Episode-2168- Listener Feedback for 2-22-18
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Today on The Survival Podcast I take your questions on dogs, cover crops, peppers, schools, growing fruit, worm bins, crypto currency, government, cooking beef and more.
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Join Me Today As I Respond to Your Calls and Discuss…
- What should you feed your dog
- Choosing a good ground cover for a recently cleared area
- Thoughts on peppers like Carolina Reaper, etc.
- More on the decline of government schools
- Container strawberries and worm big fodder
- Of UBI and cryptocurrency
- Dealing with tough beef
Resources for today’s show…
- Join the Members Brigade
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- The Year 102
- Walking To Freedom
- The Granddaddy’s Gun Club
- Bullhead Fishing Forum – A new little site I started
- Raw and Natural Nutrition for Dogs
- Koji Aged Beef
- Do You Remember – The Beach Boys
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Some of our home’s alternative super hot pepper uses: insect and rodent deterrent (powder or liquified), hot pepper jam, hot pepper cranberry sauce.
Thanks for all you do Jack.
Karim beat me to it. I’ve been hearing ads on the radio for the Grossmont Union High School District here in San Diego County. I was waiting until I could record one to send it to you. They were touting their wide variety of technology training programs and their superior academics. Things are getting bad when you have to advertise to get students.
Aloha Jack – what do you think of feral hog for dogs? Feral hogs are abundant here, and I can obtain meat (with commitment and freezer space) for more than just the bipeds in the family. Is raw still ok, or is trichinosis or other parasites a problem? Thanks!
I say undercooked feral pork is a no go for man and for dog alike. Despite my raw food advocacy for dogs, I would cook any feral pork or any meat of any animal that can carry trichinosis before feeding it to my dog.
I frequently have to deal with tough beef… even when butchered properly, most of the beef here is a bit tougher than the US average (though often better tasting). I’m definitely a big adherent to the sous vide camp, and even went through the effort to bring one over from the US and having to use a transformer to make it work with the local 220V power. I’ve also noticed some of the better restaurants here use sous vide for their steaks.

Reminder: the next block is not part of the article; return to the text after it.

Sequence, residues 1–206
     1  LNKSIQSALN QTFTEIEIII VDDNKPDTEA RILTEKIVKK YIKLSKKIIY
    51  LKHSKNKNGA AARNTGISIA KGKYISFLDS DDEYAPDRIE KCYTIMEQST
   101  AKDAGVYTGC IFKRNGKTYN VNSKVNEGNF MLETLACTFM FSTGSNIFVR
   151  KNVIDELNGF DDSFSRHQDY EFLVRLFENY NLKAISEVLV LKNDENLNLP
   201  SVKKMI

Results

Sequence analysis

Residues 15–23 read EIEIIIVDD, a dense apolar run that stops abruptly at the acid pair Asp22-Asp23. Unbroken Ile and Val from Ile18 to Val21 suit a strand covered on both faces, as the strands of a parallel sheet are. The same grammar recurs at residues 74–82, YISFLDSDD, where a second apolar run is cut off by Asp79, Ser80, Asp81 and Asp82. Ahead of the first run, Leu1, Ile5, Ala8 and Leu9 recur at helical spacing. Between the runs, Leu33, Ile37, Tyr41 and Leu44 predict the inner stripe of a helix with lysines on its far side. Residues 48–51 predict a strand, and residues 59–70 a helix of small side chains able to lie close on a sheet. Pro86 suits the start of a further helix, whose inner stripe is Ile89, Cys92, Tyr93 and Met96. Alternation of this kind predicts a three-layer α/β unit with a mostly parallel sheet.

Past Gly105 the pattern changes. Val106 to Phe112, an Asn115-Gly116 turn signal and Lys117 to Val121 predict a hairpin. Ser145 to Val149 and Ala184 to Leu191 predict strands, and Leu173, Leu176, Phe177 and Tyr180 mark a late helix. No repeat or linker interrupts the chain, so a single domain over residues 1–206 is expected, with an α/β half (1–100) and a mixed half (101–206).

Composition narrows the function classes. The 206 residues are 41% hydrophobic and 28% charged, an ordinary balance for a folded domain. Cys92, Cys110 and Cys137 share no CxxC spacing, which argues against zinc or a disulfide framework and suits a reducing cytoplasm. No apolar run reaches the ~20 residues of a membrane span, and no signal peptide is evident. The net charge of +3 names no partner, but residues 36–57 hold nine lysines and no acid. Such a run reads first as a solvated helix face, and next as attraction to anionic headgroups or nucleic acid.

But my other favored method is using the slow-cooker to make shredded beef, usually sauteing the beef chunks or (thick) strips in a bit of oil at high heat first before putting it in the slow cooker. I most often favor Barbacoa-style for this (I can provide the recipe for anyone who wants), but as a basic technique it’s pretty flexible and open to all kinds of experimentation.
For the NW Florida property owner:
Get up with Joe at Southern Habitats. He is over in Greenville, Fl, about 45 minutes ease of Tallahassee. They specialize in land restoration with indigenous ground covers. I don’t know if he can help with fertility but he can supply you with indigenous species that do well in our area. He might also be able to help you with EQIP grants if you want to do some establishment of pollinators.
The cow peas Jack mentioned grow well in our area BUT good luck growing them if you have many deer around. The only time I have seen them get over a few inches tall at our hunting camp, we fertilized them with sludge. That kept the deer out long enough for them to get established. A peanut butter baited electric fence was not feasible for us. The clovers seem to do much better for some reason.
“I don’t really believe that there’s people out there that sit down and eat Carolina Reapers peppers, that really enjoy it.” I used to think the same thing until I met my current coworker. There is no showing off with this guy; he legit enjoys the insane hot peppers. Every year he grows over a dozen varieties of peppers, including the Carolina Reaper, Trinidad Scorpion Butch T, Ghost and others. When his plants are producing, he brings handfuls of peppers to work and sits in his office during lunch (by himself) and eats the hottest peppers right off the stem, as a side to whatever he’s eating. We all think he’s nuts, but he loves them. Whatever he doesn’t eat whole, he dehydrates and crushes into powder. He made me a batch of Reaper and Ghost mixed powder. Wow! A small sprinkle packs a punch. I use it on just about anything but it’s really good on pizza, chicken and burgers.
Here is a follow up to Jack’s comments about salting steak: if you follow the same procedure that Jack outlines, but put the salt covered steak in the fridge on a wire rack so there is air circulation all around it and leave it for 24 hours you get a quick dry age. After the 24 hours, rinse the salt off and cook as you like.
I seem to remember you had a guest on about animal nutrition once (or maybe it was just the book you mentioned in this episode), but it boiled down to the most affordable raw food option being raw chicken thighs. Does that ring a bell? If that’s the case, should you also supplement with other types of meats, liver, etc? Also, how much would you end up feeding a 60 lb dog for it to be enough?